Lossless Compression of Classification-Map Data

This algorithm performs better than do general-purpose image-data compression algorithms.

A lossless image-data-compression algorithm intended specifically for application to classification-map data is based on prediction, context modeling, and entropy coding. The algorithm was formulated, in consideration of the differences between classification maps and ordinary images of natural scenes, so as to be capable of compressing classification-map data more effectively than do general-purpose image-data-compression algorithms.

This False-Color Image and Classification Map were derived from image data acquired by an airborne visible/infrared imaging spectrometer (AVIRIS) over Moffett Field, California. The classification map is typical of images meant to be processed by use of the present algorithm.
Classification maps are typically generated from remote-sensing images acquired by instruments aboard aircraft (see figure) and spacecraft. A classification map is a synthetic image that summarizes information derived from one or more original remote-sensing image(s) of a scene. The value assigned to each pixel in such a map is the index of a class that represents some type of content deduced from the original image data — for example, a type of vegetation, a mineral, or a body of water — at the corresponding location in the scene. When classification maps are generated onboard the aircraft or spacecraft, it is desirable to compress the classification-map data in order to reduce the volume of data that must be transmitted to a ground station.

Unlike ordinary (continuous-tone) images, a classification map typically contains a relatively small number of pixel values. Also, unlike in continuous-tone images, numerically close pixel values do not necessarily represent similar content. These properties make the problem of compressing classification-map-data differ from the problem of compressing data from ordinary images.

Prediction is commonly used in lossless-compression schemes. In predictive compression, pixels or other samples are encoded sequentially on the basis of a probability distribution estimated from previously encoded samples. Context modeling is often used in conjunction with predictive compression. In context modeling, each pixel or other sample to be encoded is classified into one of several contexts based on previously encoded samples. A context-modeling algorithm maintains separate statistics for each context and uses these statistics to estimate and encode samples more effectively. Ideally, contexts are defined so that different contexts contain sets of pixels or other samples characterized by substantially different statistics.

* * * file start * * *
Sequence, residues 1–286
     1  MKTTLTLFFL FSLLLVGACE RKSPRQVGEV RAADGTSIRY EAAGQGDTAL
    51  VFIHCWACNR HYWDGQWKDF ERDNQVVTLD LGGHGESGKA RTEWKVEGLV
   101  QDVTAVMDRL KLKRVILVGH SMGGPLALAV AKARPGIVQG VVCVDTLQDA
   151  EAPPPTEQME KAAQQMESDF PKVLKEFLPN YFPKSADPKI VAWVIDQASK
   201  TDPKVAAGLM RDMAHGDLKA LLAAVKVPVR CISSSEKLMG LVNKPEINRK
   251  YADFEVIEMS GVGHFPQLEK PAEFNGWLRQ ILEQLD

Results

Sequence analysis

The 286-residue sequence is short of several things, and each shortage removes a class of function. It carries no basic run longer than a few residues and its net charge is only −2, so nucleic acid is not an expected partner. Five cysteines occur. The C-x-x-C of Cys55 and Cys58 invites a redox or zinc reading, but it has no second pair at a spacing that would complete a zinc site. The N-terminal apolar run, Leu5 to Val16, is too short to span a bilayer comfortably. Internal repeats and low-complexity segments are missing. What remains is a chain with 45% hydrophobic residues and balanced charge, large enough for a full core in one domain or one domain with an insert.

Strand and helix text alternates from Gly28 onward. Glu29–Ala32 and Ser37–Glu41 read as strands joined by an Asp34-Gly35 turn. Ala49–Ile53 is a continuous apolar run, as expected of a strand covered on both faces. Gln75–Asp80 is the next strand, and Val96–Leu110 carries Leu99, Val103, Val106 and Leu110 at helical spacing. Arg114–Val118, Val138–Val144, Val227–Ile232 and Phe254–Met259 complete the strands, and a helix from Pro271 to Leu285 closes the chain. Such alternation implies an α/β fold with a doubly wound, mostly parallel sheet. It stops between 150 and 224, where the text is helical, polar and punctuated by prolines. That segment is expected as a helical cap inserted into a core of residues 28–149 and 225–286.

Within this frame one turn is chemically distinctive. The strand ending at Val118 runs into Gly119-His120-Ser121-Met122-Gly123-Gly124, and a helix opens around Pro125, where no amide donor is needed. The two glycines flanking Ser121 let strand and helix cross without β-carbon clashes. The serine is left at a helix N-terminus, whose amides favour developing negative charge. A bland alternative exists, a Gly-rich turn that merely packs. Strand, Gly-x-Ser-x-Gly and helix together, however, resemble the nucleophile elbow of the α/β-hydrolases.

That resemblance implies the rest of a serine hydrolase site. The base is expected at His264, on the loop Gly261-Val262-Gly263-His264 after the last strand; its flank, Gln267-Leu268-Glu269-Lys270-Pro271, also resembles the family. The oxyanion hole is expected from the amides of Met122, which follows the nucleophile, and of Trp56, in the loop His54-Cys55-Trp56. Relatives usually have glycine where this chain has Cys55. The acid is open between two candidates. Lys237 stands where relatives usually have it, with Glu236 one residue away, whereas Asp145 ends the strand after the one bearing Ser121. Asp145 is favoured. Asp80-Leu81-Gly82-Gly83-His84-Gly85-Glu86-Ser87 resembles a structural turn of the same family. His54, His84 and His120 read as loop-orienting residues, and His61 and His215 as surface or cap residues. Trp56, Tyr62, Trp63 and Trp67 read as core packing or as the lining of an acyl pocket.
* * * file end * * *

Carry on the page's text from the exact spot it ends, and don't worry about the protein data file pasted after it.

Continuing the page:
The present algorithm incorporates a simple adaptive context modeler that feeds into a binary interleaved entropy coder. The algorithm operates on the pixels of a classification map or other image in raster scan order. A sequence of binary decision bits is produced for each pixel to indicate which, if any, neighboring pixel(s) it matches. The encoder maintains probability-of-zero estimates for these bits for each of the contexts. The interleaved entropy coder is bit-wise adaptable, enabling the context modeler to quickly adapt to changing statistics in the image.

In tests, the present algorithm and three prior general-purpose image-data-compression algorithms were applied to five classification maps containing from 4 to 32 different classes. The four-class map is shown in the figure. The results of the tests showed that the volumes of data generated by the present algorithm ranged from 15 to 40 percent below those of the prior algorithms.

This work was done by Hua Xie and Matthew Klimesh of Caltech for NASA’s Jet Propulsion Laboratory.

The software used in this innovation is available for commercial licensing. Please contact Karina Edmonds of the California Institute of Technology at (626) 395-2322. Refer to NPO-45103.

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